The Australian Macadamia industry has discovered that consumers are increasingly snacking as a way to manage their mood.
Participants in the research emphasised the importance of food manufacturers using clean and high quality ingredients in their snacks, which maximise nutritional benefits, and support improved moods and wellness.
Australian Macadamia Society market development manager Lynne Ziehlke said in recent years, the snacking category has been redefined with various trends that set the context for product innovation.
“One trend has remained consistent when it comes to snacking: most consumers want a snack that provides enough energy to sustain them and their frame of mind through their day,” said Ziehlke.
In August, the global macadamia industry launched a research project aimed at providing strong evidence to support the role of macadamias in a healthy diet.
Key macadamia-producing countries Australia, South Africa, Kenya, Brazil and Malawi have made a substantial financial investment into the research, and the project has been supported by the International Nut & Dried Fruit Council and INC World Forum.
The global macadamia health research project will be a large scale, long term randomised parallel intervention study delivered by researcher Professor Joan Sabate from Loma Linda University Medical Centre.
It is the first of its kind in the macadamia industry, and the first time that multiple origins have contributed to such a project.
It is considered critical to the industry’s ability to continue to market macadamias as a premium product.
Ziehlke said there is considerable research that shows eating tree nuts regularly can protect against coronary heart disease, decrease the risk of type 2 diabetes and help with weight management, as well as more than 200 research papers on the nutritional benefits of almonds and walnuts.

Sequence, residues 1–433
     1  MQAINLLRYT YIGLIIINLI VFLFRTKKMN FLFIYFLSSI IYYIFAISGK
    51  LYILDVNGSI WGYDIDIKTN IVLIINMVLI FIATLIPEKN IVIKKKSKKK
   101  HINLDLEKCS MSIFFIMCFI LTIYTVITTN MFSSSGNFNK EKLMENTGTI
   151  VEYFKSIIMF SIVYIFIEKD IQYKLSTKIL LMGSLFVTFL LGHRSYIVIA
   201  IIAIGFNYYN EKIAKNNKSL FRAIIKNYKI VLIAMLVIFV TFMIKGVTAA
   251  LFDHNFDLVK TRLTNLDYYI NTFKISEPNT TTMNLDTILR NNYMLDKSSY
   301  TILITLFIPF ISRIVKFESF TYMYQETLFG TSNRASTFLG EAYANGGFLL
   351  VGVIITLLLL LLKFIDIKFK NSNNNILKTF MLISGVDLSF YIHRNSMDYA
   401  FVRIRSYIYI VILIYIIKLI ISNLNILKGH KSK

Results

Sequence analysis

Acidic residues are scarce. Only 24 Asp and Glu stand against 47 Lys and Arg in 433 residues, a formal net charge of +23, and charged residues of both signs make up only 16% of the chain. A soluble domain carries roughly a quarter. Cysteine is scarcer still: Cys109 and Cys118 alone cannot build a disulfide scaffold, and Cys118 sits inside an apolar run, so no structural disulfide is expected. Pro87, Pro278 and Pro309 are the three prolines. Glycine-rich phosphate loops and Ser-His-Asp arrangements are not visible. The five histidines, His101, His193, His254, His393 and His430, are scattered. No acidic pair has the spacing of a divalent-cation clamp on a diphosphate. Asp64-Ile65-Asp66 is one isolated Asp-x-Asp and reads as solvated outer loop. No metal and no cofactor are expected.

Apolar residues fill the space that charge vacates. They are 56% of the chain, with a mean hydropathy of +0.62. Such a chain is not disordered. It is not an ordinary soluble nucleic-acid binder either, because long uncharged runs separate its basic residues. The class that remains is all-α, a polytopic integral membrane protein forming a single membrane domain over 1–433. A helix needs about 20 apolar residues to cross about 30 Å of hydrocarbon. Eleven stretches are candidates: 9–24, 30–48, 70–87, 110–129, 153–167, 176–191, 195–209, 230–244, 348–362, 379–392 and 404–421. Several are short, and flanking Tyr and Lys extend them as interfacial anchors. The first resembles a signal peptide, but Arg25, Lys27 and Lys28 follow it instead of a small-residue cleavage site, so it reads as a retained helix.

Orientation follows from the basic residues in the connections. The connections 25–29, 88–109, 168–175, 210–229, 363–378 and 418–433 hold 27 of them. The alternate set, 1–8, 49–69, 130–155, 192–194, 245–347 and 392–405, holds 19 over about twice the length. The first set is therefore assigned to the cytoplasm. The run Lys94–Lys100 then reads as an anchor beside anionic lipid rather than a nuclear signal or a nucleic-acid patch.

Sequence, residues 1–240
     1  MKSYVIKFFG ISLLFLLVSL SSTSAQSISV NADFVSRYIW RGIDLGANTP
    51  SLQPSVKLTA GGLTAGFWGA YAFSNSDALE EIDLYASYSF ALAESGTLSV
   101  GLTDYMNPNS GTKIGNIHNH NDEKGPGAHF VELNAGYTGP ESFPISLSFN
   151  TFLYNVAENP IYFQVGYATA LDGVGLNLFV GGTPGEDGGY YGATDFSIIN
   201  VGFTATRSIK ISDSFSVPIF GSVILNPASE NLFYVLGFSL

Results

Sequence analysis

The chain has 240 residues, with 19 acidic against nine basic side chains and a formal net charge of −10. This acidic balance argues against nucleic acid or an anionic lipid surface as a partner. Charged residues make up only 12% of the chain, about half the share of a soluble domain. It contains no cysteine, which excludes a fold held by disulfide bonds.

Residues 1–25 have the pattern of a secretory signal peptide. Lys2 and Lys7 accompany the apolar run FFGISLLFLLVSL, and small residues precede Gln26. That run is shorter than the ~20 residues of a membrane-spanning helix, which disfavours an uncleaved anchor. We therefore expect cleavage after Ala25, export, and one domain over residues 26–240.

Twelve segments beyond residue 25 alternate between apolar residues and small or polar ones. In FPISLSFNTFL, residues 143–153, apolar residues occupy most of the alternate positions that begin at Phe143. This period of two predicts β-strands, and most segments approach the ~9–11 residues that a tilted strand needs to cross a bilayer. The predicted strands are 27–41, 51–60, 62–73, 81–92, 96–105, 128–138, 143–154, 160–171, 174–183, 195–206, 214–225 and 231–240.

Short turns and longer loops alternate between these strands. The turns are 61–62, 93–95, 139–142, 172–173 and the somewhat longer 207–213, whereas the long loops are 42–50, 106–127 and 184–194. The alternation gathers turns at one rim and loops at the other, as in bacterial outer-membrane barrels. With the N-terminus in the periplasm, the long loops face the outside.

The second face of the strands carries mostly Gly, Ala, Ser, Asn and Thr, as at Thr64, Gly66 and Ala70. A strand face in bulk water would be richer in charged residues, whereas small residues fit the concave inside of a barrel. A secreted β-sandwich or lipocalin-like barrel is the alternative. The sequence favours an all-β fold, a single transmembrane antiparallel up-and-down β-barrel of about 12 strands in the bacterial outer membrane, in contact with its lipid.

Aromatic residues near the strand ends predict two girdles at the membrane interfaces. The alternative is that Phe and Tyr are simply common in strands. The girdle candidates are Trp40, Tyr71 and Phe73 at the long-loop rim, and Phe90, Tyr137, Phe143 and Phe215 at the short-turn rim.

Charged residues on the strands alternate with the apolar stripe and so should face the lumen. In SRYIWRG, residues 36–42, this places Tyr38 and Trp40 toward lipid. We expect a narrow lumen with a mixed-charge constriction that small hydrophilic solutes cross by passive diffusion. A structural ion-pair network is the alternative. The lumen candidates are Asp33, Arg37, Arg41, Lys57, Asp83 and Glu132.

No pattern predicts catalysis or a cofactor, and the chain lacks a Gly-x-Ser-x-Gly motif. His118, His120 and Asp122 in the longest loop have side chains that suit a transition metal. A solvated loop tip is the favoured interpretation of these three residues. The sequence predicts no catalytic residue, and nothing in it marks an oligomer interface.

“Macadamias, like other tree nuts, have a potential cardio-protective role to play in a healthy, balanced diet and are a significant source of nutrients,” she said.
“To date, the macadamia industry has not undertaken any clinical research of this magnitude, so today’s announcement represents a significant milestone.
“As well as providing strong evidence to support the role of macadamias in a healthy diet, the research is expected to provide many new opportunities for the product and drive further new investment in research,” said Ziehlke.
The Southern African Macadamia Growers’ Association’s Barry Christie said that consumers are increasingly aware of the healthiness of nuts, which has helped to drive tree nut consumption by more than 75 per cent over the last ten years.
“We anticipate the outcomes of this research will help the global macadamia industry to capitalise even further on this trend, by guiding the development of more powerful messaging about the health benefits of macadamias to consumers, health professionals and regulators,” said Christie.
“It’s a very exciting development for our global industry, and we are delighted to be working together on a project that will benefit all macadamia producing regions,” he said.
The study will compare the effect of a diet enriched in macadamias versus a control diet on insulin resistance and insulin secretion in individuals with insulin resistance.
It will assess the effect of macadamia nut consumption on lipid profile (total cholesterol, LDL cholesterol, HDH cholesterol and triglycerides) and other emergent risk factors of cardiovascular disease as well as on central obesity and body composition.